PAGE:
Mellon Capital Management Corporation (“Mellon Capital”) is an investment adviser registered with the Securities and Exchange Commission (“SEC”) under the Investment Advisers Act of 1940. Mellon Capital is a wholly owned indirect subsidiary of BNY Mellon. The firm is defined as Mellon Capital and includes assets managed as dual officers of BNY Mellon and as dual employees of The Dreyfus Corporation. “Newton” and/or the “Newton Investment Management” brand refers to the following group of affiliated companies: Newton Investment Management Limited, Newton Investment Management (North America) Limited (NIMNA Ltd.) and Newton Investment Management (North America) LLC (NIMNA LLC). NIMNA LLC personnel are supervised persons of NIMNA Ltd. and NIMNA LLC does not provide investment advice, all of which is conducted by NIMNA Ltd. NIMNA LLC and NIMNA Ltd. are the only Newton companies to offer services in the U.S.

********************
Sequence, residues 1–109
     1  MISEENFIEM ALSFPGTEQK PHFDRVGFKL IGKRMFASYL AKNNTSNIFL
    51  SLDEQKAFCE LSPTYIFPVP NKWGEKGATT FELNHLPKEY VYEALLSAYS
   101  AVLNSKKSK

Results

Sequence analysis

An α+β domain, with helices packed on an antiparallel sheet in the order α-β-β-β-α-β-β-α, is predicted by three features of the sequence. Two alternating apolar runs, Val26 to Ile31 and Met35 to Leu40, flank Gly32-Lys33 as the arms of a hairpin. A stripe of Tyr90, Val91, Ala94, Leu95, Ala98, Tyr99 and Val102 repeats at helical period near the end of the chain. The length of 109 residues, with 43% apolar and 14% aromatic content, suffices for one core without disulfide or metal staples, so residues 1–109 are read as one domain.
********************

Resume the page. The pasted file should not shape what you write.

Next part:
This material has been distributed for informational purposes only and should not be considered as investment advice or a recommendation of any particular investment, strategy, investment manager or account arrangement. Information contained herein has been obtained from sources believed to be reliable, but not guaranteed. Please consult a legal, tax or investment advisor in order to determine whether an investment product or service is appropriate for a particular situation. No part of this material may be reproduced in any form, or referred to in any other publication, without express written permission. The Dreyfus Corporation, Newton, Mellon Capital, Standish, Walter Scott and MBSC Securities Corporation are companies of BNY Mellon. © 2017 MBSC Securities Corporation, 225 Liberty Street, 19th Floor, New York, NY 10281.